Bassoon

Bassoon

bassoon range

Repeat this mantra after me: I am not a bass instrument, I am not a bass instrument, I am not a bass instrument.  The Bassoon is a tenor instrument that happens to have a range extension that takes it into the bass range.  If you keep the Bassoon in the doldrums, then you aren’t using the instrument to its fullest capacity.  Bassoonists have what we call the money range.  This is the range in which nearly all of our major solos occur, roughly from the F in the bass clef to the G or A in the treble clef.  I like to say “keep the Bassoon singing.”  If you think of the instrument as you would think of an operatic tenor or baritone, then you know how to write for the Bassoon.

The low register is best for filling out harmonies.  Very few solos have ever been written in the low register (Tchaikovsky’s 6th Symphony is one of the lone examples, and that solo makes Bassoonists cry).  The lower the Bassoon goes, the louder it can become.  Try and avoid writing the lowest B-natural at a soft dynamic; it is impossible to play softly.  In fact, this one note is something odd among all the woodwinds.  It possesses a different characteristic than does the entire rest of the instrument, harsh and blaring.

Some interesting possibilities are of course as a member of the double reed choir.  I find that the Bassoon mixes quite beautifully with the saxophone family (all members).  Their sound is more akin than is given credit for (when the saxophones play with a controlled sound that is!).  Bassoon in it high register with flute is quite good (and a common combination for composers of the Classical era).  Many Romantic composers used the Bass Clarinet as the bass voice to the Bassoon ensemble.  I’ve found that when playing along with the low clarinets, that the Bassoon must alter their sound slightly to match the sound of the vibrato-less clarinets.

A study was once done to see which instruments were most alike in sound.  This study took sound samples in a computer, eliminated the attack of each note, and only listened to the sustained pitch.  The Bassoon, it turns out, is most closely allied with the Horn in this regard.  It may be odd to think of a woodwind and a brass being the closest sound match to one another, but composers have realized this for a long time.  Two Bassoons have often been used as members of the Horn section in an orchestra (often serving as “Horns” 5 and 6).

Because of range similarities, the Bassoon will often share duties with the trombones.  An odd combination, but if we think all the way back to the Renaissance we will find ensembles of sackbuts and dulcians (the predecessors of trombones and bassoons respectively).  Why not treat these two families like their ancient cousins?  The other low brass (namely the tuba family) can mix with interesting combinations with the Bassoon.  Think here the oddly effective “duet” between four Bassoon and two Tubas in the Dies Irae section of Symphonie Fantastique where the Bassoons are playing one octave below the Tubas.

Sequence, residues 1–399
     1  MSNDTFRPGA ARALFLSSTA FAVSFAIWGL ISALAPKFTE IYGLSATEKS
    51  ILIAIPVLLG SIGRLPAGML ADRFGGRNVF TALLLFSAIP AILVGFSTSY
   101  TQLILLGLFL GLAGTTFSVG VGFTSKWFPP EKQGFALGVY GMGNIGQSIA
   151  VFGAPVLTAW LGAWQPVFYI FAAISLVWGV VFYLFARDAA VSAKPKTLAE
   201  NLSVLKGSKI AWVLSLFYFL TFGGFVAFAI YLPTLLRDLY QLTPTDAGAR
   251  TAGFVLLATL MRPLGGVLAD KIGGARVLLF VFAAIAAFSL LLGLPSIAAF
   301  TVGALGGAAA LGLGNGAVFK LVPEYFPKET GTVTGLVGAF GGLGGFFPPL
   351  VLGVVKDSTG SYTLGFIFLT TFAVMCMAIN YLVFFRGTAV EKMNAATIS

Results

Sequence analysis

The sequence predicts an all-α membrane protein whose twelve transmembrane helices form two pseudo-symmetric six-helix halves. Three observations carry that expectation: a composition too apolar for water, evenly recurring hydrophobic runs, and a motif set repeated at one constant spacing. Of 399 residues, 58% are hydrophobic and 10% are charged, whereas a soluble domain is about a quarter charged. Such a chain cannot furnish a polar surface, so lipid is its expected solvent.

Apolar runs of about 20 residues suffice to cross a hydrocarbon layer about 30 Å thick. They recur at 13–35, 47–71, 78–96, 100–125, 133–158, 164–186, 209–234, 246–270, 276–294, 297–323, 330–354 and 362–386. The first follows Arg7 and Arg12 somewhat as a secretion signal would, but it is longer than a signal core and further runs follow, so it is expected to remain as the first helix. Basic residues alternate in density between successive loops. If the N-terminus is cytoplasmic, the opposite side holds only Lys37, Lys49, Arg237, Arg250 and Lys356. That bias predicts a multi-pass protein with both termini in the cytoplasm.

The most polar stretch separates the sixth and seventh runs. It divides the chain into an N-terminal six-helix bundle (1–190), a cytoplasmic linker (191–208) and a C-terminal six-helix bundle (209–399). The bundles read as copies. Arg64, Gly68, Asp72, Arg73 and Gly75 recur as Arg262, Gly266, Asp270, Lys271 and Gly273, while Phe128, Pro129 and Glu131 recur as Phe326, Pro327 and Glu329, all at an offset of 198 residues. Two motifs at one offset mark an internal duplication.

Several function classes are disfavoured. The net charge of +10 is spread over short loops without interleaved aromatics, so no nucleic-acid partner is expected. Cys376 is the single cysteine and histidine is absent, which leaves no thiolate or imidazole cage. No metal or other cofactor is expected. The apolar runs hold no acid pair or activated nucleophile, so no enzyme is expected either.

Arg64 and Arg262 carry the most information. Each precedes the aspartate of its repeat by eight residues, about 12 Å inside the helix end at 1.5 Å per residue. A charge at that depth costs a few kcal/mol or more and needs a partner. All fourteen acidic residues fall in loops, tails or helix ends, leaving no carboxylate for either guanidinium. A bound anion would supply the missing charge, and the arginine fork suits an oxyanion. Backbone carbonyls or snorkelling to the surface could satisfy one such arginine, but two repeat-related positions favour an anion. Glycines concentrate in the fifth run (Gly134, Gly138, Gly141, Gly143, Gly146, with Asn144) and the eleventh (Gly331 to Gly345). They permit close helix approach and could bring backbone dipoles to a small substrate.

Bassoon and trumpet…well it was interesting enough for Hindemith to write a double concerto for these two instruments.  Muted trumpets will work far better in the mix, as will Piccolo Trumpets.

Mozart’s Bassoon Concerto played on period instruments (tuning is probably at A=430)

John Williams’ Five Sacred Trees a concerto for Bassoon and orchestra.  Perhaps one of the crowning achievements of modern Bassoon compositions.

Tchaikovsky’s 6th Symphony.  Note: this opening solo is considered extremely difficult due to its low range.

Stravinsky’s Rite of Spring opening solo.  Again, a very difficult solo due to range.

Tchaikovsky Symphony 4 2nd Movement.  To me, some of the most beautiful Bassoon solos in existence.  Notice the range is in the upper middle register.

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Contrabassoon

Contrabassoon

contrabassoon range

Ah, the Contrabassoon.  Much has been said about this wondrous beast.  Much has been wrong.  The Contrabassoon is pitched one octave lower than the Bassoon.  However, unlike any of the other members of woodwind families, the Contrabassoon is an instrument unto itself.  Continue reading “Contrabassoon”

Semi-Contrabassoon

Semi-Contrabassoon (Bass Bassoon, Great Bassoon?)

semi-contrabassoon in F

This is an instrument pitched midway between the Bassoon and the Contrabassoon.  It does not exist.  I wish it did.  It should be no more difficult to produce than a regular Bassoon.  It would not have to be made in the complex folded manner of the Contrabassoon, but rather built as an over-sized Bassoon.  These instruments have existed historically, but no modern instrument has ever been constructed. Continue reading “Semi-Contrabassoon”

Tenor Bassoon (Tenoroon)

Tenor Bassoon

tenor bassoon in g range

tenor bassoon in F

The Tenor Bassoon or Tenoroon is like the Alto Bassoon in that it is an old instrument that has recently been revived.  The current instruments come in two flavors; F and G.  The F instrument (also known as a Quart-Bassoon) is pitched a fourth higher than the Bassoon, while the G instrument (also known as a Quint-Bassoon) is pitched a fifth above the BassoonContinue reading “Tenor Bassoon (Tenoroon)”

Alto Bassoon (Octave Bassoon)

Alto Bassoon

alto bassoon range

The Alto or Octave Bassoon is an old instrument that has recently been revived along with the Tenor Bassoon.  It is pitched one octave higher than the standard Bassoon.  As the instrument is currently constructed, it has very limited keywork and range.  Thus, technique is severely limited.  The range is only two-and-a-half octaves, an octave less than the Bassoon.  The bottom range is not fully chromatic lacking the bottom B-natural and C-sharp. Continue reading “Alto Bassoon (Octave Bassoon)”